So if you want a scientifically viable zombie, there must be something else powering the brain. But what, exactly? It's not like there's a zombie that can run on a gas engine or solar cells. Max Brooks gets around this somewhat in his World War Z zombies, positing a virus that somehow kills the host but still animates it, mutating the brain into a new organ, but even then the details of an energy source are never clear.

Even assuming an energy source for the brain, there's still the matter of the energy needed to move, digest the ill-gotten human meat, and so on. I'll note that in a lot of zombie stories, the corpse will rot. That much, at least, is true: Without an active immune system, any number of bacteria, parasites, symbionts and such in your body will happily consume your corpus delectable. But if the story features a decaying zombie, it also tends to ignore the other implications of an inactive cardiovascular system.

I suppose, then, the only way to have a scientific zombie (and by that I mean a scientifically viable one, not a zombie in a white lab coat peering through a microscope) is for all the major organs to be working, so that the brain can get the energy it needs. In that case, a shot to the heart, or the spleen, or piercing a major artery, will bring it down as well as a head shot.

... but you may see the problem here. If all the major organs work, and the brain works, it's not really a zombie, is it? In that case, we're back to the poor things in 28 Days Later. Not really zombies, but kinda sorta resembling them. In the "brain-eating-walking-dead" category, then, I suppose there's no such thing as a science-based zombie.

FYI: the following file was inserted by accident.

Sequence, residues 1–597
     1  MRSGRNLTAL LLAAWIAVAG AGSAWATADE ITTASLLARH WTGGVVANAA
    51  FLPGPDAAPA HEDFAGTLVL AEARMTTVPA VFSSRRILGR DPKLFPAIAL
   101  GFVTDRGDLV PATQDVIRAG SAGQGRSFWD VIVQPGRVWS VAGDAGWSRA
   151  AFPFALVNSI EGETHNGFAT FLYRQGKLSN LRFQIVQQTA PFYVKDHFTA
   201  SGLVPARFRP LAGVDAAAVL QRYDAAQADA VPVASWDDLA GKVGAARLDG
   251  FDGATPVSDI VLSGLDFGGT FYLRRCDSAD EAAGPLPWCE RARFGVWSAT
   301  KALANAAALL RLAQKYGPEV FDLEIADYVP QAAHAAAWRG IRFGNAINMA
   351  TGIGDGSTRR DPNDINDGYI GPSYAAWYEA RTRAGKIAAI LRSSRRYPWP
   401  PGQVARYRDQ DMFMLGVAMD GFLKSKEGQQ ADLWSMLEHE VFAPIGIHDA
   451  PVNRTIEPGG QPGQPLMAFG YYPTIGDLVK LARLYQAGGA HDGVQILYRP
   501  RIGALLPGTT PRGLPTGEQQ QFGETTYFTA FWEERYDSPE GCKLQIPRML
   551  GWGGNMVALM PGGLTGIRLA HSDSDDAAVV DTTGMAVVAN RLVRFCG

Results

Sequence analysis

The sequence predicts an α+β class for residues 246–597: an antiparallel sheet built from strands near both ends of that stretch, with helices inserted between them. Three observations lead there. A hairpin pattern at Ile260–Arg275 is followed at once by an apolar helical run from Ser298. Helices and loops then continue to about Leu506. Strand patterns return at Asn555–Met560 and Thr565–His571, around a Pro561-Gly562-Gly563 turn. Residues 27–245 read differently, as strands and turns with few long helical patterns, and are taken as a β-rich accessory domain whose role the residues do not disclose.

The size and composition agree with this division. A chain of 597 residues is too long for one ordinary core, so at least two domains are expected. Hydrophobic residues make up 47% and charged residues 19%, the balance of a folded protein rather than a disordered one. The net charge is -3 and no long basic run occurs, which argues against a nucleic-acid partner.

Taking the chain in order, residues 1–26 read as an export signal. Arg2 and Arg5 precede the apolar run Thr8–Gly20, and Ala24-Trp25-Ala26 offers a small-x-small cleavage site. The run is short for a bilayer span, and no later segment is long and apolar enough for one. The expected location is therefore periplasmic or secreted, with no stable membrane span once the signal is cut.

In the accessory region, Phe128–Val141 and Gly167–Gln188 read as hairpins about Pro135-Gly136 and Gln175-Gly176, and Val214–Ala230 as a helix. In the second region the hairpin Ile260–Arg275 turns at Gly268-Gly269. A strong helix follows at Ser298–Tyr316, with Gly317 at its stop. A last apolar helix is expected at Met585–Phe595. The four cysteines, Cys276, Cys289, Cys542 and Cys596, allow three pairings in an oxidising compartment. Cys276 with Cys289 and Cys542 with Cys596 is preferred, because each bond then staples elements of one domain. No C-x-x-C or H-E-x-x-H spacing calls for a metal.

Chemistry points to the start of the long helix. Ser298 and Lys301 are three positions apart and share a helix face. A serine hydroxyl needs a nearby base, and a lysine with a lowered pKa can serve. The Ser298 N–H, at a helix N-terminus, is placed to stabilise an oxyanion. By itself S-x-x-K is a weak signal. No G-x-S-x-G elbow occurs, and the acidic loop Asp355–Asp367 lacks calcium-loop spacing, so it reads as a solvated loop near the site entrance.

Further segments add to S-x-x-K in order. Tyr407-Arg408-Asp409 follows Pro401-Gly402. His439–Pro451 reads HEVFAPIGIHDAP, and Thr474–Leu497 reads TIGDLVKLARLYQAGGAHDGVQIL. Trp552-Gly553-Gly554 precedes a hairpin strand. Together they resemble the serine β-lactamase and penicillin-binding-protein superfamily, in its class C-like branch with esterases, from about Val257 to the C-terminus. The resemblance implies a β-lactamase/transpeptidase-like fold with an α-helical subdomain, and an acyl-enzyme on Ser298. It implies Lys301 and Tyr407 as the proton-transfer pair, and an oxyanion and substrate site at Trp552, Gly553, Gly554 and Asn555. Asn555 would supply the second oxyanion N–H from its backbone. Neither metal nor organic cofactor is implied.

So if science has abandoned us, that leaves supernatural. I'm all for that, but still. If you assume some sort of magical potion or incantation or otherworldly energy source is what gives zombies their lethargic zest for flesh, then again why the head shot to kill them? If it's really magic, they should be good without a head, just as they would without a heart or lungs or spleen.

To be fair, that's been the case in some movies. Who can forget Carl Hill's decapitated corpse in Re-Animator? I won't go into details about what it does, but the head does appear to have some, uh, earthly passions, and the body has some will of its own as well. That movie is scientific in its depiction—it's a potion that does the zombification—despite the clearly unscientific premise. We still have the same brain power issue ... not to mention the problem of how a severed head talks.

[Badly. Badda bing!]

Going through my list of books and movies, I haven't seen any that have classic reanimated-corpse-style zombies that treat them correctly and consistently. Maybe there's simply no way to do it and make a good story. Or maybe no one's tried yet.

Or, it's possible I just missed it. I can't watch and read every zombie story that comes along. If I've missed one, then please—to paraphrase Return of the Living Dead—send more ideas.

Phil Plait is an astronomer, geek and sometimes-movie-curmudgeon. If he ever writes a zombie novel, one of the characters will be named Sarah Bellum.

Related Stories

Stunning design for vertical launch plane looks like something straight out of science fiction Trent Moore

We’ve been flying airplanes for more than 100 years, and we’re still waiting for something like the retro future of our dreams. Well, the aviation firm XTI hopes to change that.

The cutting edge tech NASA will use to pinpoint an eventual manned Mars landing Trent Moore

It’s a funny thing: We have the technology to launch and fly a craft all the way from our planet to other parts of the solar system, but one of the trickiest parts is sticking the landing.

Stephen Hawking's new theory gives us hope if ever stuck in a black hole Jeff Spry

Entering the most destructive force in the universe may have an unexpected outcome.